Apart from that, how exactly are you recording computer playback in Audacity - is your recording device in Audacity’s Device Toolbar the IDT stereo mix input? If you choose Windows WASAPI host then the speakers (loopback) recording device, what happens?

If your motherboard audio can’t be configured properly even when you have the proper drivers for it then does your computer have an empty USB port? if so you could buy a reasonable USB sound card for about $30.


Gale

Dear Gale et al.

For starters, thanks for your patience with this computer idiot here! Secondly, I’d never heard of external soundcards, I’m living in the UK, I’ll have to look into them. If they come in a caddy - I suppose they must do if they’re USB, I mean you wouldn’t have an uncovered card lying on the desk waiting for stuff to get spilled on it, would you (not that I drink THAT near my computer but you know what I mean) - I might be able to swap it out for my lovely M-Audio Audiophile 2496.

Just 2 moire questions. I tried experimenting with internal playback/record settings and ended up with a feeback loop so bad I had to use System Restore on the computer. Anyone know ROUGHLY what the R ecording/Playback settings SHOULD be on - I mean I know the wording would be different on different computers/motherboards/soundchips but a rough working combination so I know what to try without killing the system again?

And second - would it be more likely to be a Windows 7 prob/glitch, or an Audacity one, or a prob. with the Foxconn motherboard? Has anyone else here had probs. with recording/playback on Windows 7 or Foxconn motherboards? I honestly don’t know what to try next here, because I don’t want to naff things up any worse than they already are again.

Yours respectfully

Chris.

I suppose you are using a desktop?

The only time I remember that internal feedback killed an OS, was on a computer that had a weak and old power supply. We changed the PSU and the problem was gone.

It wasn’t with an M-Audio Audiophile 2496, but it had a PCI soundcard in it. Don’t remember which one, it was years ago.

A USB audio interface is much less susceptible to this kind of problem, but potentially comes with other problems, such as ground loops inducing hum.

Unfortunately, there’s no way to test the PSU without taking the desktop apart.

External USB sound cards/interface come in an enclosure, yes.

Yet another indication that the motherboard or other parts of the computer are faulty, or the motherboard is missing its proper drivers, in my opinion.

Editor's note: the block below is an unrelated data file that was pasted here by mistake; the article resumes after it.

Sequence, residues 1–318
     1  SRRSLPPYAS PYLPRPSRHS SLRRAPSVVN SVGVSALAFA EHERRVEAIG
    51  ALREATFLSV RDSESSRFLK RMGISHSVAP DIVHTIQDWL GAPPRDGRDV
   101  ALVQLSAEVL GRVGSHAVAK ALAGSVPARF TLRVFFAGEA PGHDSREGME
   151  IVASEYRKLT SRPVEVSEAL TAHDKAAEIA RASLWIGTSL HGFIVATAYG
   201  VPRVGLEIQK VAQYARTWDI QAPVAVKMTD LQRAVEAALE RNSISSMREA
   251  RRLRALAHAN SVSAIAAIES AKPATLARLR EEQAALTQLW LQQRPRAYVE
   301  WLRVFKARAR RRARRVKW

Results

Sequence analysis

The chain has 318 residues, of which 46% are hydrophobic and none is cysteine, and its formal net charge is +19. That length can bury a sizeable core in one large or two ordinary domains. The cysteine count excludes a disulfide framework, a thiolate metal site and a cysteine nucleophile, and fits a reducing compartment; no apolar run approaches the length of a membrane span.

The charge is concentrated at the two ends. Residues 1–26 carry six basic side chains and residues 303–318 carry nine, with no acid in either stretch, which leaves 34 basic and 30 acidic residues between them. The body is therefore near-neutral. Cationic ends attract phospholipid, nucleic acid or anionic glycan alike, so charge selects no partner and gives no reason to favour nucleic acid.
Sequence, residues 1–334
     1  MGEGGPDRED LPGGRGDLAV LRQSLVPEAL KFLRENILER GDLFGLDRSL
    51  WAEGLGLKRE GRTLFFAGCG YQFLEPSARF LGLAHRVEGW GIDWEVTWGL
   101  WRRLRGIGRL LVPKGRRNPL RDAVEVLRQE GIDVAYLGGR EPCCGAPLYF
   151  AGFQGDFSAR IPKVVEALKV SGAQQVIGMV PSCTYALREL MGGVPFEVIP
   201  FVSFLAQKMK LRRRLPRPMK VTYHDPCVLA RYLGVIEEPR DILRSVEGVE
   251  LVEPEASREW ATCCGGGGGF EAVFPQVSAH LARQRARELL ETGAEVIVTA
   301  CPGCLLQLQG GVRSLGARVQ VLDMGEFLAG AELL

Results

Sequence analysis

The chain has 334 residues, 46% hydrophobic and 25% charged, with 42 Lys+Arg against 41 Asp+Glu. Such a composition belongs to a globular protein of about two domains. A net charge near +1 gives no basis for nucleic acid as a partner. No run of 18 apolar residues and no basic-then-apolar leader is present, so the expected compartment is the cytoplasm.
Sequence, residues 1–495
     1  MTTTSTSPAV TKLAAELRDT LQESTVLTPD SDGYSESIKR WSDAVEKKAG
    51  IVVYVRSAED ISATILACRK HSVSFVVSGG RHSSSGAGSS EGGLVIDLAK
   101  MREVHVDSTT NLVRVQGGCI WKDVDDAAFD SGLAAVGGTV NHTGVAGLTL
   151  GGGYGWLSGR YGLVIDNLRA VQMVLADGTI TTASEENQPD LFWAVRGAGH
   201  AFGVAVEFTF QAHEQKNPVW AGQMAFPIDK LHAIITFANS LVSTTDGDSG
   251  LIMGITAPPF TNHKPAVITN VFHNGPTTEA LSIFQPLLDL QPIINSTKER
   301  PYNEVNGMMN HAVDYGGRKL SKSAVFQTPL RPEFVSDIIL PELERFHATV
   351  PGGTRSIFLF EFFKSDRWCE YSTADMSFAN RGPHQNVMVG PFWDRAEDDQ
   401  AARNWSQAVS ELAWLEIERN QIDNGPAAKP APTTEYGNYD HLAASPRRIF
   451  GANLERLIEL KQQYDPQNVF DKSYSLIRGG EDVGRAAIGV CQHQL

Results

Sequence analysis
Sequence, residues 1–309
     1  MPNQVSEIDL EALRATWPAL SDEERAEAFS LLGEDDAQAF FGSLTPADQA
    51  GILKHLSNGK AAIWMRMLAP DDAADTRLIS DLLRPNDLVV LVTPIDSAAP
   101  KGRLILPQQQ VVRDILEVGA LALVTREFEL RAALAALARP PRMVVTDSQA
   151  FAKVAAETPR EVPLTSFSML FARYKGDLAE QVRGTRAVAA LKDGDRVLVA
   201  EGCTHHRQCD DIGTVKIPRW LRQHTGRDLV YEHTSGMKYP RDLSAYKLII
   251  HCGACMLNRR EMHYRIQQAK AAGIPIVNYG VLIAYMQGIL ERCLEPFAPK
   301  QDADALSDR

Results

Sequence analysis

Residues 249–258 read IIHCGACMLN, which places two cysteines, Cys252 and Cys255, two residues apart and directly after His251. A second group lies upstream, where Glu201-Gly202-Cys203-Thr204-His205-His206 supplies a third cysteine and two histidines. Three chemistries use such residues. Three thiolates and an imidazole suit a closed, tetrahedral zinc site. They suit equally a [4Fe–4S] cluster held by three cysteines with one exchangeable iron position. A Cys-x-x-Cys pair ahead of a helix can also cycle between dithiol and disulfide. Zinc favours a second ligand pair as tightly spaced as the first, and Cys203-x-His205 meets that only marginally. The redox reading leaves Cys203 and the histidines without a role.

In Audacity’s Device Toolbar, MME host, IDT stereo mix for recording, and IDT Speakers or headphones for playback.

Or use Windows WASAPI host as in Steps 1 to 7 below. If you do that, you would be better to turn off Exclusive Mode for the IDT Device in Windows Sound (turn it off for both playback and recording). This is because you say you want to use unknown other applications to produce sound effects.

  1. In Audacity, open Device Toolbar.
  2. In the first (Host) box of Device Toolbar, choose “Windows WASAPI”.
  3. In the second (Recording Device) box, choose the (loopback) input for the IDT speakers or headphones you are using for playback. For example, if you are using “IDT Speakers” for listening to playback, choose “IDT Speakers (loopback)” in this step.
  4. In the third (Recording Channels) box, choose mono or stereo.
  5. In the fourth (Playback Device) box, choose the IDT Speakers or Headphones that you are using for listening.
  6. Start playing the audio you want to record.
  7. Press the big red Record button in Audacity.

In either case above, turn off Transport > Software Playthrough in the Audacity menus. If it has a tick mark, click it to remove the tick. Otherwise you will get feedback.

As I already said, lots of people have problem with Beats Audio, which may appear on the particular IDT chip that your Foxconn motherboard uses.

I am curious why you expect us to carry on answering your questions when you choose not to answer ours, making it near impossible to help you.

In a nutshell, if you have Beats Audio, buy an external USB sound card. If you don’t have proper Windows 7 drivers for the Foxconn motherboard, or if it continues to behave as erratically as you describe, buy an external USB sound card.


Gale